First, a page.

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Showing releases 1-25 out of 1340.

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Public Release: 30-Oct-2014
Twenty-first Eastern Pacific tropical depression born on Oct. 30
NOAA's GOES-West satellite captured an image of the birth of the Eastern Pacific Ocean's twenty-first tropical depression, located far south of Acapulco, Mexico.
NASA

Contact: Rob Gutro
robert.j.gutro@nasa.gov
NASA/Goddard Space Flight Center

Public Release: 30-Oct-2014
Global Change Biology
Dartmouth study finds restoring wetlands can lessen soil sinkage, greenhouse gas emissions
Restoring wetlands can help reduce or reverse soil subsidence and reduce greenhouse gas emissions, according to research in California's Sacramento-San Joaquin River Delta by Dartmouth College researchers and their colleagues.

Contact: John Cramer
John.Cramer@Dartmouth.edu
603-646-9130
Dartmouth College

Public Release: 30-Oct-2014
NASA sees Cyclone Nilofar looking more like a comet than a tropical cyclone
Tropical Cyclone Nilofar was closing in on the border between Pakistan and northwestern India on Oct. 30 when NASA's Terra satellite passed overhead from space. Wind shear continued to affect the storm making it appear more like a comet with a tail, than a tropical cyclone.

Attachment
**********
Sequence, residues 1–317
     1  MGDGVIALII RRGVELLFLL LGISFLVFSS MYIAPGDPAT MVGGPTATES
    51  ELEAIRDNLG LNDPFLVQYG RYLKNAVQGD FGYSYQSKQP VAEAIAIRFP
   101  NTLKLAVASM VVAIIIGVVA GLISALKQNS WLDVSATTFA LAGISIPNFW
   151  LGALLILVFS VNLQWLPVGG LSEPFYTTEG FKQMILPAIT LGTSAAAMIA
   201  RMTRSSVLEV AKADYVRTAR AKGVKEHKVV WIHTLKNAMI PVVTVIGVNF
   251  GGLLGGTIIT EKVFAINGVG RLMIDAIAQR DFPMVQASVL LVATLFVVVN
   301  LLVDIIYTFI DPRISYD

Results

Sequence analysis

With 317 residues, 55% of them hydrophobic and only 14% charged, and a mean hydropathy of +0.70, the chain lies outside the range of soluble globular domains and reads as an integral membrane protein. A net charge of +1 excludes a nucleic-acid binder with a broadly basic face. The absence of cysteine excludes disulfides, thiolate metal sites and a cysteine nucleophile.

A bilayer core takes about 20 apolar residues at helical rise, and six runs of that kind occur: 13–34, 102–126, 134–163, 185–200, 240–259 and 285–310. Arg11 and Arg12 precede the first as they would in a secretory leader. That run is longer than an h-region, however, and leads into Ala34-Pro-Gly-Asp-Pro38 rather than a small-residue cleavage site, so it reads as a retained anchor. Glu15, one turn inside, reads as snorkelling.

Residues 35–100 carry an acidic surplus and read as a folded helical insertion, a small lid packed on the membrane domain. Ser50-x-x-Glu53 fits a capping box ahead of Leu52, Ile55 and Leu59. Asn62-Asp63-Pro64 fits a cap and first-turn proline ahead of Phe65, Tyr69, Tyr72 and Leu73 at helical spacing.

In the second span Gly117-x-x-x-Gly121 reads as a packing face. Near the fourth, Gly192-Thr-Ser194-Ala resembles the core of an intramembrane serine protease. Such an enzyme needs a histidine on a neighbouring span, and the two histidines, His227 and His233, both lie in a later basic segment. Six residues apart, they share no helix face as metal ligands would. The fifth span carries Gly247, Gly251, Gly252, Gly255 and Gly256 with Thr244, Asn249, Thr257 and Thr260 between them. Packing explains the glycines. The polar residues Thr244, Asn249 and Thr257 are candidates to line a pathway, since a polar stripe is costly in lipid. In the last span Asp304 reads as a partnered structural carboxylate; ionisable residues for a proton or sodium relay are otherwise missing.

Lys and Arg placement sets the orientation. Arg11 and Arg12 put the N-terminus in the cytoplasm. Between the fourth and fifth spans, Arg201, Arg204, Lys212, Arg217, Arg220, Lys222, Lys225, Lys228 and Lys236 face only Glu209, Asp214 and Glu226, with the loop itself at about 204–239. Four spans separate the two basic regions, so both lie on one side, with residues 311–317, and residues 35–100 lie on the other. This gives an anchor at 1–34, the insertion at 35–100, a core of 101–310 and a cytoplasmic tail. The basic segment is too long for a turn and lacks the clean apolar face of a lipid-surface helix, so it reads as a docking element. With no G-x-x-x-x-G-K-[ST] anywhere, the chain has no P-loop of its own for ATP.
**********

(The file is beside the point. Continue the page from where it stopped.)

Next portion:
NASA

Contact: Rob Gutro
robert.j.gutro@nasa.gov
NASA/Goddard Space Flight Center

Public Release: 30-Oct-2014
Scientific Reports
Reef-builders with a sense of harmony
Cold-water corals of the species Lophelia pertusa are able to fuse skeletons of genetically distinct individuals. On dives with JAGO, a research submersible stationed at GEOMAR Helmholtz Centre for Ocean Research Kiel, scientists from Scotland and Germany made the first-ever discovery of branches of different colors that had flawlessly merged. The ability to fuse supports the reef stability and thus contributes to the success of corals as reef-builders of the deep sea.

Contact: Maike Nicolai
mnicolai@geomar.de
49-431-600-2807
Helmholtz Centre for Ocean Research Kiel (GEOMAR)

Public Release: 30-Oct-2014
Science
New study finds oceans arrived early to Earth
Earth is known as the Blue Planet because of its oceans, which cover more than 70 percent of the planet's surface and are home to the world's greatest diversity of life. While water is essential for life on the planet, the answers to two key questions have eluded us: where did Earth's water come from and when?
Harriett Jenkins NASA Graduate Fellowship, Andrew W. Mellon Foundation Award for Innovative Research, NASA Cosmochemistry Award

Contact: WHOI Media Office
media@whoi.edu
508-289-3340
Woods Hole Oceanographic Institution

Public Release: 30-Oct-2014
Science
European salamanders and newts vulnerable to fungal disease from Asia
A skin-eating fungal disease brought to Europe by humans now poses a major threat to native salamanders and newts, scientists have warned.
Ghent University, Royal Zoological Society of Antwerp, Dutch Ministry of Economic Affairs

Contact: An Martel
An.Martel@UGent.be
32-496-831-161
Ghent University

Public Release: 30-Oct-2014
Science
Emerging disease could wipe out American, European salamanders